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  • Writer's pictureDavid

Twenty Twenty, That's Aplenty

Updated: Feb 10, 2022

2020! Wow, what a year! We should have seen it coming! I mean, Mogan David named a toxic substance 20-20. The once "popular" fortified wine, more casually known as Mad Dog, was created for those who just don’t have time for pinot noir to kick in! For certain of us, of a certain age, (but happily, not me), Mad Dog was often part of a good time, before it was, but a couple hours later, part of somebody’s couch upholstery. I don’t know if Mad Dog 20-20 still graces the cellars of America’s great sommeliers, but the year 2020 is indeed gone, as Mad Dog probably should be.

But 20-20 is also associated with excellent vision, and with somewhere north of 150,000,000 Americans keenly focused on the 2020 election, we have seen fit to elect a new president. Whether this selection is considered a moment of clarity, or an act more befitting of a Mad Dog event, is a matter of opinion, I suppose. Either way, we move on, on to 2021, and I’m fine with that. I’ve had quite enough of 2020. The spiked wine, the year, and, whether I like it or not, the perfect vision. I lost that to a grinding spark in 1989.

But 2020 was a year to remember. At times it seemed that we, as a nation, were bordering on Mad Dog-rabid. In our home we don’t have, nor have we ever had network TV, but turn on the radio, and even without a picture, it was a constant frothing at the mouth and bulging red eyes. Every day, a new thing to shield one’s self from. Never enough personal protective equipment. Another searing image of a country on the edge of a deep and cruel precipice. Would it be three somersaults and a splat, or a magnificent swan dive?…..Or would we just teeter there, like a leaf stuck beneath the windshield wiper blade, distracting our attention, but never really causing a wreck?

I don’t know how we are doing, as a nation. Sometimes I fear we are about to throw up on the great couch of history. A big purple stain will be all that is left of our red — blue nation. Other times, I feel like we need to reach a certain level of discontent, or disease, or despair, to find the courage to clean up our act. Maybe we need to hit bottom. Get a few scabs on our backsides. I hope not. But here we are. It is a new year, and it doesn’t feel too late to gather up the pieces of our amazing and intricately beautiful experiment of a self-governing people that we call America. There is more good than bad, and despite how it looks, there is more agreement than disagreement.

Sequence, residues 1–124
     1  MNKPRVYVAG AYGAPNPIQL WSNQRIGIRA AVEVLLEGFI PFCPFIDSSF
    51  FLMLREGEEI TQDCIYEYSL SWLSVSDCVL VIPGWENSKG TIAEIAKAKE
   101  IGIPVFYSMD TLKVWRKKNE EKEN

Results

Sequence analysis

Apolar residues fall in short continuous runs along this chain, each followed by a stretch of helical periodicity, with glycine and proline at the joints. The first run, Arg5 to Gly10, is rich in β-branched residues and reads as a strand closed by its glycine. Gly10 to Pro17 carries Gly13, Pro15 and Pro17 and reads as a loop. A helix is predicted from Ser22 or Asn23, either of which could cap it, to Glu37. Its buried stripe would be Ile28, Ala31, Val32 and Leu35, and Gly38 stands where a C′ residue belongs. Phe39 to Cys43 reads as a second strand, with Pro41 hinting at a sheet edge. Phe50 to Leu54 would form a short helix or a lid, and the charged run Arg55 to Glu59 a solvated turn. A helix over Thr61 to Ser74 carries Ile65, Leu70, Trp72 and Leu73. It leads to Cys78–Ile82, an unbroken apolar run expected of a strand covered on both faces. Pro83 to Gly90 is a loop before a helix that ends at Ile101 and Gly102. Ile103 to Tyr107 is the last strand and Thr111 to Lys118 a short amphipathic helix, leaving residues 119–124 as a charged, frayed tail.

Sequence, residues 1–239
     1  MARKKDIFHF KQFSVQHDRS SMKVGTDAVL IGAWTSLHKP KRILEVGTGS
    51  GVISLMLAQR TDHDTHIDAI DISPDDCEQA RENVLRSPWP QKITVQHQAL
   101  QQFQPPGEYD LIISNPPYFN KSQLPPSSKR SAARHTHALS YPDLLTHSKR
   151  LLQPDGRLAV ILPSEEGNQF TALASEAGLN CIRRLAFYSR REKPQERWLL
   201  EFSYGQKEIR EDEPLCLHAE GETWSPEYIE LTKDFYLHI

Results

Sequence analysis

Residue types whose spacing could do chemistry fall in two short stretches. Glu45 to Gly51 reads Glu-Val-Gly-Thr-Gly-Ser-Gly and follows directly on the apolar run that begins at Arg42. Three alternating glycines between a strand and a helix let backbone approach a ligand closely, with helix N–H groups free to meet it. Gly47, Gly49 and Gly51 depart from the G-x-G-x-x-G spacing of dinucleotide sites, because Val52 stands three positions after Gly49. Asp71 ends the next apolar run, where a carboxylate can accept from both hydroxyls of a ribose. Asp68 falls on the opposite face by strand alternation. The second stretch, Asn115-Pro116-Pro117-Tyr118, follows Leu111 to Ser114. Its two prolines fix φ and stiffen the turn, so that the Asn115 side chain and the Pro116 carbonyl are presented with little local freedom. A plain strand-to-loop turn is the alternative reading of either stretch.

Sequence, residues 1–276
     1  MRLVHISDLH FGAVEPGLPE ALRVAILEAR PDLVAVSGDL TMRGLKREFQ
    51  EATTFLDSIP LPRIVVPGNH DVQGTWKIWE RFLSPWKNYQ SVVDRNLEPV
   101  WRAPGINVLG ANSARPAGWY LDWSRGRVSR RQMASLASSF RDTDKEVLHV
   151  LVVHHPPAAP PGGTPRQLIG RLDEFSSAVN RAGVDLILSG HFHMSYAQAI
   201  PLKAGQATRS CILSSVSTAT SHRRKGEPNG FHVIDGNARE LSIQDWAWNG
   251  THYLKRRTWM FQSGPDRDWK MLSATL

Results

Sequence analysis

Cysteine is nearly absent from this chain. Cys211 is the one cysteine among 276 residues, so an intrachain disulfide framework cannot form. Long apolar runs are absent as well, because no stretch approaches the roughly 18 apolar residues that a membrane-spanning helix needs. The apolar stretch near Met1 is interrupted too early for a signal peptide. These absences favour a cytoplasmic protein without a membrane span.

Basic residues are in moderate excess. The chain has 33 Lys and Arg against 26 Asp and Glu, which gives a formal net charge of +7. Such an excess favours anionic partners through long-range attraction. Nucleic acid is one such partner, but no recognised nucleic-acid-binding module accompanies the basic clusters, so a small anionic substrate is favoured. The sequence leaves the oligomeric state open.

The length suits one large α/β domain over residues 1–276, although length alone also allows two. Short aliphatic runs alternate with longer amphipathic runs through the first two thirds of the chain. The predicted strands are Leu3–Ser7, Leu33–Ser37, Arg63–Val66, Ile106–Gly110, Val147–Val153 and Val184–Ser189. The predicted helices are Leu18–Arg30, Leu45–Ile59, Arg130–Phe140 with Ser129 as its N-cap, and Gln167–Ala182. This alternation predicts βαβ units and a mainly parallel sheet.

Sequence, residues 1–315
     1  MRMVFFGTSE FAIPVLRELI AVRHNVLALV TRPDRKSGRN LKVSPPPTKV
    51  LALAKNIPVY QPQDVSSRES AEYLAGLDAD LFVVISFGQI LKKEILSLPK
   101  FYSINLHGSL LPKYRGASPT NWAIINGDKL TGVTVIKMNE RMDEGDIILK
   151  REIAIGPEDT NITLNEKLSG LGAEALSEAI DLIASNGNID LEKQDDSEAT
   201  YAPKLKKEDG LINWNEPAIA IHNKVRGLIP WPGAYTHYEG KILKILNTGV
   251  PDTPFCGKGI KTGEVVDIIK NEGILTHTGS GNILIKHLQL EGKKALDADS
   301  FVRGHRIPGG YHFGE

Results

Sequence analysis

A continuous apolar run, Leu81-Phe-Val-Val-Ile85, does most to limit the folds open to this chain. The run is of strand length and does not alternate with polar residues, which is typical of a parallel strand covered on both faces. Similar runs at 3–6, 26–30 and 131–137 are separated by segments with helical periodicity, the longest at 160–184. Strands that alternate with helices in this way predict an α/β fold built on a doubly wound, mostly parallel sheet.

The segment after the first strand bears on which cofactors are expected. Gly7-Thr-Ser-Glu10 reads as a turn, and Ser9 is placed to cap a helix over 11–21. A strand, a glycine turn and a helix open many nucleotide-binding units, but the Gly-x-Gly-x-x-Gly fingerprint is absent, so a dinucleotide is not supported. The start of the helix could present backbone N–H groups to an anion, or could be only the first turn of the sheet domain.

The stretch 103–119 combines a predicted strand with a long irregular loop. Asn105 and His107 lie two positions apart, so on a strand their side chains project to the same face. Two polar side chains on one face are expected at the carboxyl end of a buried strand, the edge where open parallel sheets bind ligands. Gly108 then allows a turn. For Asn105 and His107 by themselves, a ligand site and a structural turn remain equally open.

female figure wiring herself back together
MENDING; photo by Kendrick Moholt

As an artist, as opposed to a politician, I guess my job is not to fix political things, but I still feel like I have a responsibility to put forward hopeful ideas, and uplifting imagery. It is for artists to create a space for seeing what is possible: A few well-formed lines, or a quieting figure of optimism or strength, or of beauty, a language not of words, or at least not of harmful words, where a sense of well-being can take hold. We all have some tools to work with, and we have our platform, however large or small. Our way forward is forward. We don’t get to go back. But we can look back, and we can reach back as we go forward, and bring with us those things that we know we will always cherish.

It isn’t that art is not allowed to be challenging to one's comfort zone. Much of history's most dynamic art is born of conflict and strife. Some of my own works that I often think of as my best works have elements of pain and suffering. But this seems like a time to emphasize more on images of healing, and I think that will be my focus for 2021.

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